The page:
The Local Authority Search and the replies to enquiries should give some indication as to the permitted use of the property from a planning perspective. If a change of use is intended, advice should be sought from an architect and/or planning consultant early on. Consideration should be given to whether the purchase contract should be made conditional on planning permission being granted for the change of use.  The appointed solicitor will be able to advise you further in this regard.

Leasehold Considerations

The main terms of a lease that are usually negotiated are: term length, rent and review frequency/basis, security of tenure, break clauses, options to renew, service charge, permitted use, alienation (assignment and underletting), restrictions on charging, alterations and obligations to repair and insure. Again these should be discussed with both surveyor and solicitor before finalising any Heads of Terms.

Consideration will also need to be given to your fit-out. With leasehold properties, a Licence to Alter will be required which should be negotiated in parallel to any new lease and agreement for lease. The landlord should usually be obliged in the agreement for lease to complete the same simultaneously with taking occupation. This will enable fit-out works to begin immediately on gaining occupation, avoiding unnecessary delays and costs.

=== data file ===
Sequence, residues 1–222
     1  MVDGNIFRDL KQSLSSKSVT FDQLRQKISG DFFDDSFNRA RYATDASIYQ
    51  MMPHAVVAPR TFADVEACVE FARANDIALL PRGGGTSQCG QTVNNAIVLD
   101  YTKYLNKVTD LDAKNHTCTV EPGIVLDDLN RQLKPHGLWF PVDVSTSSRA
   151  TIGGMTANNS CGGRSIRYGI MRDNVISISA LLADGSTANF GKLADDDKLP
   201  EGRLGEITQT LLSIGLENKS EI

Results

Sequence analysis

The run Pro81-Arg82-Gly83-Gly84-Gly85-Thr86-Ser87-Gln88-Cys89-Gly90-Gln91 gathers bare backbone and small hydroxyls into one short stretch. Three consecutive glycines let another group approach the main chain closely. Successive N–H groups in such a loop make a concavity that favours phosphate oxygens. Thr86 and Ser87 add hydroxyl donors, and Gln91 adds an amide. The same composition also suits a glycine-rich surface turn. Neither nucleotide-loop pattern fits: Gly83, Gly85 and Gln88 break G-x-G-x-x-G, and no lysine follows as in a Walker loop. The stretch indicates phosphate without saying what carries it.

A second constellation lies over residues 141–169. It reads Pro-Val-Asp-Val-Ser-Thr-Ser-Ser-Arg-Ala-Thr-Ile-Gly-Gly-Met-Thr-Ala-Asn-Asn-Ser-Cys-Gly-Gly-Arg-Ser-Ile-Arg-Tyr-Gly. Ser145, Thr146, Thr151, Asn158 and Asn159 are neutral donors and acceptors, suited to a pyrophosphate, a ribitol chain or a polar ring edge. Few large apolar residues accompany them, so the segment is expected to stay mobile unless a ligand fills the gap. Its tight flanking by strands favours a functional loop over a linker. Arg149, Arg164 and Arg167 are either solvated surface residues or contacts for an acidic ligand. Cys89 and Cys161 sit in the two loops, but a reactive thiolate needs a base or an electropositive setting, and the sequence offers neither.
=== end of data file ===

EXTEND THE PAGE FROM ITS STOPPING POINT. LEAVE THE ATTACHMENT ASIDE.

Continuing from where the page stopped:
On the assignment of an existing lease, a Licence to Assign is usually required by which the landlord will consent to the assignment of the lease to the buyer.  Commonly the landlord will want assurance that the tenant can comply with the lease covenants and in particular pay the rent and service charge. The landlord may request financial information from the tenant along with a guarantor or rent deposit.  It is important to have all this information readily available prior to purchase to avoid delays.

Business Acquisitions

If the transaction involves the acquisition of a business such as a hotel, restaurant or shop, as well as the property considerations, it is also important for advice to be sought in respect of the business element. 

Again, at a very early stage accounts should be reviewed and agreement reached as to how to treat debtors.  

The requirements to transfer any operating licences should be clear.  

The terms of any franchise agreements must be reviewed to ensure ability to comply with the same.  

Businesses with employees may be subject to TUPE regulations and so employment advice should be sought.  

Advice should also be sought on the tax implications of the acquisition from a solicitor or an accountant, particularly in relation to VAT position and whether the transaction involves the transfer of a going concern.

Funding

Without wanting to state the obvious, it is important to ensure that you know exactly how the acquisition will be funded prior to proceeding.  If this is to be by way of a loan secured against the property, it will be important to have an offer of funding available at an early stage.  In addition, if the property you are to acquire is leasehold, it will be essential to find out whether the lease permits charging the leasehold interest.